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Delaware Attorney General sues 31 fossil fuel companies over climate change

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Climate Strike
Izzy DeFrancesco/THE REVIEW
On Thursday, Delaware Attorney General Kathy Jennings announced that the state is suing 31 fossil fuel companies to hold them accountable for their role in accelerating climate change. Pictured here is the climate march that took place last year (2019).

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Senior Reporter

On Thursday, Delaware Attorney General Kathy Jennings announced that the state is suing 31 fossil fuel companies to hold them accountable for their role in accelerating climate change, seeking compensation for the high costs associated with repairing the damage.

“Delawareans are already paying for the malfeasance of the world’s biggest fossil fuel companies,” Jennings said. “Now we are staring down a crisis at our shores, and taxpayers are once again footing the bill for damage to our roads, our beaches, our environment and our economy. We are seeking accountability from some of the world’s most powerful businesses to pay for the mess they’ve made.”

The complaint outlines multiple climate change impacts that Jennings attributes directly to the companies named in the suit. The report notes that Delaware, as the state with the lowest average elevation, is home to more than 22,000 residents that are currently threatened by coastal flooding. If the sea level continues to rise, it will threaten over $1 billion in property value, and the loss of Delaware’s beaches will harm the state’s $3.5 billion, 44,000-job tourism industry.

One of the companies named in the suit is ExxonMobil, whose spokesperson Casey Norton wrote in an email statement that the claims are baseless.

“Legal proceedings like this waste millions of dollars of taxpayer money and do nothing to advance meaningful actions that reduce the risks of climate change,” Norton wrote. “ExxonMobil will continue to invest in efforts to reduce greenhouse gas emissions while meeting society’s growing demand for energy.”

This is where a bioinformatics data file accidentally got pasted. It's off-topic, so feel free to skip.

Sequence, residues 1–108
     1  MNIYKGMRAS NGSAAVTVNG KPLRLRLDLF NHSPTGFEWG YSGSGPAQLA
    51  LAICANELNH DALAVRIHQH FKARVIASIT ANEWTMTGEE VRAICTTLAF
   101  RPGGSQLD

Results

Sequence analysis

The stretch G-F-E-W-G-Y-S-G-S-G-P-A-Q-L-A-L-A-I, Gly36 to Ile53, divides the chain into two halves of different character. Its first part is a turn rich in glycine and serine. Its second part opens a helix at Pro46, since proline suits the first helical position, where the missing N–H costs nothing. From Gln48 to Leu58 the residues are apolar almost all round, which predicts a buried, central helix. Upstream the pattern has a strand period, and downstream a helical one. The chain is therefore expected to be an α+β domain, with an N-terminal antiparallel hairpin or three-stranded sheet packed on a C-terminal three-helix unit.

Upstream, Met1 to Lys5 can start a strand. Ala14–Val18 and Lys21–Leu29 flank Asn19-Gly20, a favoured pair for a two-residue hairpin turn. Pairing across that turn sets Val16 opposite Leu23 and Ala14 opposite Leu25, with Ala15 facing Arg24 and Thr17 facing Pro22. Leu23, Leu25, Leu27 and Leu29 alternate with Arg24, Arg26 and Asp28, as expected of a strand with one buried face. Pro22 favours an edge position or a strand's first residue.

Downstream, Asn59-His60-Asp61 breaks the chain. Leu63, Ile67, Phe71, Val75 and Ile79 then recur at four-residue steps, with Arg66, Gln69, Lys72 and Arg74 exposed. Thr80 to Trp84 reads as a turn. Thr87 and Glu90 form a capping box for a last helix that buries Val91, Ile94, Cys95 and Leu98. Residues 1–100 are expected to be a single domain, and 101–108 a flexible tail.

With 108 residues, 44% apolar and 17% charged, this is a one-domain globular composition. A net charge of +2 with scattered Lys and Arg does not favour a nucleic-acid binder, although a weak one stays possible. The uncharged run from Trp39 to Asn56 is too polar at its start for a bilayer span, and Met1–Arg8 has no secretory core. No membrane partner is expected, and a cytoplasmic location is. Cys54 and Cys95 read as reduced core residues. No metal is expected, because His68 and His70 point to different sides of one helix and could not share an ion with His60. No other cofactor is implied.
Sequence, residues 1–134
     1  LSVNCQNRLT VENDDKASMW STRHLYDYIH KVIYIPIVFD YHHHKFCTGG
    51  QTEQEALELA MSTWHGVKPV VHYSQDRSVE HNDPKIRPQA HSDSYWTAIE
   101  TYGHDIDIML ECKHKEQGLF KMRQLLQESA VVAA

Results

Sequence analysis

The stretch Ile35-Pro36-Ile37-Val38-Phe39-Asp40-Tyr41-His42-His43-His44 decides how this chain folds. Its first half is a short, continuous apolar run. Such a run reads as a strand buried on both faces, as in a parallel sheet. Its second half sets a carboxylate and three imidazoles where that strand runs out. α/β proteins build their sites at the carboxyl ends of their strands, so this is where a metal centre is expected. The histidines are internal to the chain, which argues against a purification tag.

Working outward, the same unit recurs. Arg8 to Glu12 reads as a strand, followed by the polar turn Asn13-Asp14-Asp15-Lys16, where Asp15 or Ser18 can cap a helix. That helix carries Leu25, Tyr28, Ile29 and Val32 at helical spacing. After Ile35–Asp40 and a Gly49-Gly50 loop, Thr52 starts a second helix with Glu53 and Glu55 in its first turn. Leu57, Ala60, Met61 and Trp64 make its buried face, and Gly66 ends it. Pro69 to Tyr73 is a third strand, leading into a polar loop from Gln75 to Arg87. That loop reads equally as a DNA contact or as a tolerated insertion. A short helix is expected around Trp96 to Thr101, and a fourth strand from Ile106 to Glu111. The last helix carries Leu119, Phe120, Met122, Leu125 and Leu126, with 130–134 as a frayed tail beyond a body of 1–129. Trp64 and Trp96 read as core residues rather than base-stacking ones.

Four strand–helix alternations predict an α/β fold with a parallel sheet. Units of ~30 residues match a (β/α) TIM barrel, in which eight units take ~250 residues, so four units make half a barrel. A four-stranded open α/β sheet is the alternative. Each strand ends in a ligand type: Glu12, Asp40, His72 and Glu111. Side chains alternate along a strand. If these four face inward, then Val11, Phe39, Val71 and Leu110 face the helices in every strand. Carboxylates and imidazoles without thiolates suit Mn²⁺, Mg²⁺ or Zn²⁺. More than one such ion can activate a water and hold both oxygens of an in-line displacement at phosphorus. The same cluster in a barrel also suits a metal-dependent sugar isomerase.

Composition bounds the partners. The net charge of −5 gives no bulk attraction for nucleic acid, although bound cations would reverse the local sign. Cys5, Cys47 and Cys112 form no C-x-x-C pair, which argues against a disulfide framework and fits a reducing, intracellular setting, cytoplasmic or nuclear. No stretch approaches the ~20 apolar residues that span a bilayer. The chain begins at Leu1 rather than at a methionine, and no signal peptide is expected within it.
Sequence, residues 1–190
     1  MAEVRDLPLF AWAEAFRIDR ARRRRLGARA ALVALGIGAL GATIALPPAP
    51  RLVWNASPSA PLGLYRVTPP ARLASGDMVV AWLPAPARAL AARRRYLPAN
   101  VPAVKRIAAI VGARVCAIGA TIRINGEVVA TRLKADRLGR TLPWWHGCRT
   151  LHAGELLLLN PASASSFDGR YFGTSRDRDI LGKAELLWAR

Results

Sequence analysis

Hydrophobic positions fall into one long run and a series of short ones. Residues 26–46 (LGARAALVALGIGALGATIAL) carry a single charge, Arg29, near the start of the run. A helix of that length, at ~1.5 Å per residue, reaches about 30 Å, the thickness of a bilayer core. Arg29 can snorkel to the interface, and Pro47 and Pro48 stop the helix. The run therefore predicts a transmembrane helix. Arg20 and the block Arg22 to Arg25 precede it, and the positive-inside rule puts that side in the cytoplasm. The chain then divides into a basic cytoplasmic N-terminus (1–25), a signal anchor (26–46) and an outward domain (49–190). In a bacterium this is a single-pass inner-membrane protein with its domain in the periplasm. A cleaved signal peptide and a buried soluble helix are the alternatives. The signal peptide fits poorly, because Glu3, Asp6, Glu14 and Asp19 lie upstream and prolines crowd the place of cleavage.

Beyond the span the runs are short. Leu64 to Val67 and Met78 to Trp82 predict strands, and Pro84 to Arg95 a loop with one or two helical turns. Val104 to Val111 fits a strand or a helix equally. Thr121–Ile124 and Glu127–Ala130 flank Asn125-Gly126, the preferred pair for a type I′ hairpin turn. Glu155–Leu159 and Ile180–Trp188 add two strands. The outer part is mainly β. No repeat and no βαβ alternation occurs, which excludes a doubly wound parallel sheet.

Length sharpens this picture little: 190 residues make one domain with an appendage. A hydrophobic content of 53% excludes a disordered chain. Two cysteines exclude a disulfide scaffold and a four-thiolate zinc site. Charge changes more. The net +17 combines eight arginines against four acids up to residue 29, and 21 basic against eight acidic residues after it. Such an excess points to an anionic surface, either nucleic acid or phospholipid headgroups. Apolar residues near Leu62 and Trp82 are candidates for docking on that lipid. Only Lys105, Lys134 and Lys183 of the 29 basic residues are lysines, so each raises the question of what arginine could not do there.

Shawn Garvin, secretary of the Delaware Department of Natural Resources and Environmental Control, confirmed the burden these climate change impacts will impose on Delaware’s environment and economy.

“Delaware and our residents are suffering from sea level rise, increased temperatures, heavy precipitation and flooding due to climate change, and that is adversely impacting our public health, environment and economy,” Garvin said. “The science is clear that these climate impacts are directly attributable to the products produced by fossil fuel companies.”

The complaint also alleges that any increase in extreme weather and rising seas due to climate change impacts threaten Delaware’s agriculture industry with drought, saltwater intrusion into cropland soils, as well as higher temperatures and changing rainfall patterns. This may lead to crop losses, reduced yield and higher infrastructure, irrigation and energy costs.

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